If you found that last sentence out of your realm of expectations, maybe you are aiming too low. As Les Brown (motivational speaker) said, “Shoot for the moon. Even if you miss, you’ll land among the stars.”

Get the wisdom from choices already made

Ask your coach/teachers, guidance counselors, and people who have gone ahead of you what you need for the next level. Ask them to help you see things realistically.

I follow Sara and some of her friends on Facebook, and am able to see where the twists and turns their choices take them, and it is enlightening. The point is, ask for help in deciding what comes next. Ask others about their experiences and see how that might affect your decisions.

Your decision: are you up for it?

My liberal arts bias aside, what your authentic person wants to do is personal. It is up to you. At the heart of this kind of decision making shouldn’t be: What would Jessica or Viola do? But what do you need, right now, to get to the next level? What do you want to do? What is your next level?

Keep at it. You don’t make this kind of decision overnight. Know yourself, what makes you get up in the morning, what feels right, what you need to get where you’re going, and what kind of environment you need to get there. This is not about what your friends need or even your parents or teachers. This is not a right or wrong decision. It is a decision that needs self-knowledge, self-awareness, and mindfulness to make.

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What’s happening this summer?

It is already June, and I am soooo behind. My goal for this summer was to publish four handbooks, charging very little for them, so you could have a kind of road map to how a more productive and active summer than might be usual for those of you who just want to chill out for a few months.

Handbooks for the summer on Kindle

So how am I doing? I do have two handbooks finished and published in the Kindle bookstore. Two more scheduled now for late summer, but I take heart that maybe they won’t be so late after all because one of them is about what you can do to prepare for fall, whether you are in school still or not.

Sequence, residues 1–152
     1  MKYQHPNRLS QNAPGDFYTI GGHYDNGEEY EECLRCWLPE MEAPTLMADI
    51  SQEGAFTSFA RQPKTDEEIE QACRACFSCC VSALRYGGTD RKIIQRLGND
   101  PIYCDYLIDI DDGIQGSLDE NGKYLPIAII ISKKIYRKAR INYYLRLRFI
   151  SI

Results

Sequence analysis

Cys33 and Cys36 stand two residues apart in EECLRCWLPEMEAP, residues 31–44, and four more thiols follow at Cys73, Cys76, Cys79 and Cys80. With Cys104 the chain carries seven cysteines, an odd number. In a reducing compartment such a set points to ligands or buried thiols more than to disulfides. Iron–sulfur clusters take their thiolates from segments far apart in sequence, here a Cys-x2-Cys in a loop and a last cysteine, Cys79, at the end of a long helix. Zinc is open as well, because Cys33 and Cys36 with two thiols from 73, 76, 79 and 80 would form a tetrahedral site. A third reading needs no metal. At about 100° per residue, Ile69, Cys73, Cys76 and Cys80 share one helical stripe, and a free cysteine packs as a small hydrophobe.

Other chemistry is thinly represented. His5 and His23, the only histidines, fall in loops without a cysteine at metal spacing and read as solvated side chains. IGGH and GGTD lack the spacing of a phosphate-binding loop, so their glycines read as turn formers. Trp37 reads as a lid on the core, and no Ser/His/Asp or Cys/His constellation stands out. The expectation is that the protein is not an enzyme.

In case there is still time for performing arts career direction, even though you might already be immersed in summer activities, here they are:

You can check them out by following the links to my Kindle bookshelf.

Online Theatre Repertory

What is it that has made these handbooks so late? Yes, I do live within walking distance of the beach, but at my age, sun is not my friend. No, I have been indoors, at this computer, writing original dialogue for what I call podcasts, but which are audio versions of theatre repertory. The dialogue ties together pieces and cuttings from novels and short stories, poems, plays, and essays around a theme. This next podcast is about the Summer Olympics in Rio. George wants to go to Rio. Martha, his wife, just laughs at him, knowing he expects the Girl from Ipanema will materialize on the beaches there.

I bet none of you know who the heck that is. Ask someone older.

So the podcast involves finding a theme, then finding and cutting pieces we can use (without infringing on copyright), rehearsing with me directing and acting, and teaching what I know about the techniques of oral interpretation of literature. Then we record it all and edit the recordings,

We’ve done three so far. You can catch the latest on www.theatrefollies.com.

I am also preparing a workshop for my community theatre on how to do Readers Theatre, a form of theatre I really enjoy because it makes good use of the voice.  It will be ready this fall and I plan to make it available online. You teachers out there may want to check it out on www.theatreowl.com.

If this issue sounds like a pitch to sell, or as the Car Talk brothers call it, “shameless commerce,” it is. Lots have gone into these projects and I would like to know that maybe some of it is useful or instructive, or merely entertaining for you.

All of this is going on in what are the hottest and most humid days and nights of the Florida seasons. But no sweat! I’m doing theatre!

What are you doing?

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The Blame Game and the Playwright

I’d like to blame it all on the person who is in charge of our readers theatre group. She tanked my play reading.

We all love to place blame and who can blame us? Blame must be found somewhere and it surely can’t be heaped on ourselves. Blaming ourselves would make us less than perfect (human, in other words) and would attract all sorts of negative vibrations lurking about the universe. Can’t have that. So let’s blame someone else.

Blame for what?

My group staged a reading for the board of directors of the community theatre that has agreed to produce it. My play had a very bad reading for the board. We read the play so the board could decide whether to produce it next spring. We read the play after a work day, after a two-hour board meeting, and in a room so dimly lighted, you could barely read the scripts. Also, (back to blame) it was miscast, un-directed, under-rehearsed, and just plain boring. Very little acting. Very little expression in that dim light. I was mortified. Poor me! And I wasn’t to blame!

Or was I.

My first take, blaming myself after all, was that how did I not know that I wrote a play that was too boring for words?